- Ethernet switches
- IP routers
- Data center switches
- Communications equipment
- To keep up with increasing CPU and storage bandwidth, rack or blade servers must support aggregate throughputs faster than 50 Gb/s (single lane) or 100 Gb/s (dual lane) from their Network Interface Card or LAN-on-Motherboard (LOM) networking ports.
- Given the increased bandwidth to endpoints, uplinks from Top-of-Rack (TOR) or Blade switches need to transition from 100 Gb/s (four lanes) to 400 Gb/s (four lanes) while ideally maintaining the same per-lane breakout capability.
- Due to the expected adoption of 400GBASE-CR4/KR4/SR4/LR4, SerDes and cabling technologies are already being developed and deployed to support 100 Gb/s per physical lane, twinax cable, or fiber.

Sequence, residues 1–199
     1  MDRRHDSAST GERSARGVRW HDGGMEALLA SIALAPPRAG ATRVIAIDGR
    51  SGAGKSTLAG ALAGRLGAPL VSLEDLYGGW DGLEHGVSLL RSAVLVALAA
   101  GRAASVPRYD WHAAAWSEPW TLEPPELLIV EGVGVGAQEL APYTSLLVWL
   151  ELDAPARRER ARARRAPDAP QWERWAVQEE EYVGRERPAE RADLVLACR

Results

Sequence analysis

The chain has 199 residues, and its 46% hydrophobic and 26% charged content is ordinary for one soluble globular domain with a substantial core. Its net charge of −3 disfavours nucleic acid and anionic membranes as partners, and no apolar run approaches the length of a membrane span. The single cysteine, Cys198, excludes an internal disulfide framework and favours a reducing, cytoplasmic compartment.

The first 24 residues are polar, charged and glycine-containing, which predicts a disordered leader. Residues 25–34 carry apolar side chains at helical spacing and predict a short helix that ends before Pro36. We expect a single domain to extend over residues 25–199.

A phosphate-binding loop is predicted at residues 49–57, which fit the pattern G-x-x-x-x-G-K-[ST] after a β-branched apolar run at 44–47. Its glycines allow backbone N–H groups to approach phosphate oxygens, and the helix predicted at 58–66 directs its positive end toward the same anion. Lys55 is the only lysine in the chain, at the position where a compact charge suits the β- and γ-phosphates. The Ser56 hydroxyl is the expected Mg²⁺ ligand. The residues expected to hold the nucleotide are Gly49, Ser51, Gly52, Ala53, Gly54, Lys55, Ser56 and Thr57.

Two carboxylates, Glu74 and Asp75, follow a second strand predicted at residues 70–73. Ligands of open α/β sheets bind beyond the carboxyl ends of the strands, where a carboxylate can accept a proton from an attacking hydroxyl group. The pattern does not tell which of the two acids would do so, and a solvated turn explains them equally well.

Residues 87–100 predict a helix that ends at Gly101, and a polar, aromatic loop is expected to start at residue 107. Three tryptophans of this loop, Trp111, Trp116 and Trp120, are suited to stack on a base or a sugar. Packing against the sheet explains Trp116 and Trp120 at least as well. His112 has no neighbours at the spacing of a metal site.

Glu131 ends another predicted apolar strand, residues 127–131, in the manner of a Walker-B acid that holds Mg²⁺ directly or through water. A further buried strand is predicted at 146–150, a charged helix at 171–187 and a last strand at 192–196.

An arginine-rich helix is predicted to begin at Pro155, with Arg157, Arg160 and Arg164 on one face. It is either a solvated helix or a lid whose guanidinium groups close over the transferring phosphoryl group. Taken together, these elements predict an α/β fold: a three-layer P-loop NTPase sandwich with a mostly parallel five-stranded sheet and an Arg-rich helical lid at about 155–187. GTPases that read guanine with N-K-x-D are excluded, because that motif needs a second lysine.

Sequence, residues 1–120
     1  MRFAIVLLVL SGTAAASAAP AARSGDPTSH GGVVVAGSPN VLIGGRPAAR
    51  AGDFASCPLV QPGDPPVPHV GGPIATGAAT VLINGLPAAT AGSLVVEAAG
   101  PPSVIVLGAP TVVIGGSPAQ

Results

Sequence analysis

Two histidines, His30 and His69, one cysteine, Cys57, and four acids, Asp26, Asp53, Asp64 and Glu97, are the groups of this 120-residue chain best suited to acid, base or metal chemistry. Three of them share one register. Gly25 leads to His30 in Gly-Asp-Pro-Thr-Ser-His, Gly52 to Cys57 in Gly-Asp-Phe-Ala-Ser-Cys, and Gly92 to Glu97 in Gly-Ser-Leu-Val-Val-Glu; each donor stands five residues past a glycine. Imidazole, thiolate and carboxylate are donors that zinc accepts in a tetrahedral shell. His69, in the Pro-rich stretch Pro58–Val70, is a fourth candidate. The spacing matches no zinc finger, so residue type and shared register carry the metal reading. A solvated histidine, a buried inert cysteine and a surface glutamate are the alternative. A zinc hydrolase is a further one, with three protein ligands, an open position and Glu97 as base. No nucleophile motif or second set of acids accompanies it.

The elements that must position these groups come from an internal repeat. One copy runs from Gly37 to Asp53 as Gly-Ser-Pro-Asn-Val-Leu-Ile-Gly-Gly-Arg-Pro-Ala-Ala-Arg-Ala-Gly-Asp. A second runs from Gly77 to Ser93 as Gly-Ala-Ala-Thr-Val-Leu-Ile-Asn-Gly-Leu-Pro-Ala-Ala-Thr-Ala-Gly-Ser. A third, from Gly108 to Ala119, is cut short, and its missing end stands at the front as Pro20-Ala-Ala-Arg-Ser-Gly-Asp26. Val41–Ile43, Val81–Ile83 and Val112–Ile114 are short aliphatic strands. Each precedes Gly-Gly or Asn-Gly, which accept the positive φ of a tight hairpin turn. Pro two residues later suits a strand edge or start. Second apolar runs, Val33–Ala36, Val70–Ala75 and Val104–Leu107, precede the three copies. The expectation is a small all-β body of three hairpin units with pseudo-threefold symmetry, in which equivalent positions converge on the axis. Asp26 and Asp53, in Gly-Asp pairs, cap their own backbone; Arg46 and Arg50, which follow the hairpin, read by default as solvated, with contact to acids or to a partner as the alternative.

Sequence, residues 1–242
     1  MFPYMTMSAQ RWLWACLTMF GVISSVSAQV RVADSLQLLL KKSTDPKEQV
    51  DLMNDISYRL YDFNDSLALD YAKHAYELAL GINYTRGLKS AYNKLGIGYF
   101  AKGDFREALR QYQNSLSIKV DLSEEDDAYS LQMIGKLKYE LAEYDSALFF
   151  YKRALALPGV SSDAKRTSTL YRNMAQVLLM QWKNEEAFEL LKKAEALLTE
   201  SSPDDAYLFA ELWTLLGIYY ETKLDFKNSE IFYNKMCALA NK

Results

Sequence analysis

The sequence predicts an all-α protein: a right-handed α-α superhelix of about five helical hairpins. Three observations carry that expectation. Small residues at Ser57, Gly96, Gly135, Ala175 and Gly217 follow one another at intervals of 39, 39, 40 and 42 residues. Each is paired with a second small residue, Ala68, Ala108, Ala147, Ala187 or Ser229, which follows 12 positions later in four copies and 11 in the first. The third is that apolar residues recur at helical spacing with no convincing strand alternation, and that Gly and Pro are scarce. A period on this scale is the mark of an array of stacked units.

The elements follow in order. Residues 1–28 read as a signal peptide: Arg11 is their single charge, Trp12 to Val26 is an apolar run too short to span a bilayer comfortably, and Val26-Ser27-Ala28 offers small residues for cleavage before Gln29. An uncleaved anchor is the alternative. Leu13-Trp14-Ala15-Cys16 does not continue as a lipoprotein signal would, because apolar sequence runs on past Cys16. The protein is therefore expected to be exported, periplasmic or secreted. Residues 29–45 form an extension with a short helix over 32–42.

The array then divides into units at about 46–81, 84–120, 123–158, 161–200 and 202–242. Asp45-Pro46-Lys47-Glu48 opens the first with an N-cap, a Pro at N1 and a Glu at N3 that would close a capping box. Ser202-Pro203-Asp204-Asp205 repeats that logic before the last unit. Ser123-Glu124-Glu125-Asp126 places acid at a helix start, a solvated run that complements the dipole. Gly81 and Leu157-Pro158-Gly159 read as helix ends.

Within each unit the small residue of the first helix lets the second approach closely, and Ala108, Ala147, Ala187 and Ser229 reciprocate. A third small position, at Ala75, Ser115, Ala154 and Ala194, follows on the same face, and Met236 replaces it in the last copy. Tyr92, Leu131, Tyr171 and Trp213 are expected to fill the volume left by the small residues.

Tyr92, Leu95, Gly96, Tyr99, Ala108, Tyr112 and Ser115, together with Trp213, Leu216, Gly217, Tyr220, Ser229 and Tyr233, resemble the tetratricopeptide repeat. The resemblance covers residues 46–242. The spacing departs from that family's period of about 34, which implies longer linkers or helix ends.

In addition to typical Coupled MAC+PCS application for up to six ports (up to 12 ports for 50 Gb/s FEC-only), the DCMAC Subsystem supports MAC client monitoring applications for up to 40 channels.
The DCMAC Subsystem provides support for OIF Flex Ethernet (FlexE) by exposing a channelized MAC interface (MAC I/F) that can be connected to the client side of a FlexE shim. Likewise, the DCMAC Subsystem flex interface (FLEX I/F) provides access to the PHYs and can be connected to the FlexE group side of a FlexE shim. The FlexE shim is implemented in user logic.
The DCMAC Subsystem supports ITU-T Flexible OTN (FlexO) through the FLEX I/F. This provides access to the FEC and lane deskew logic and includes support for additional deskew using alignment buffers in user logic.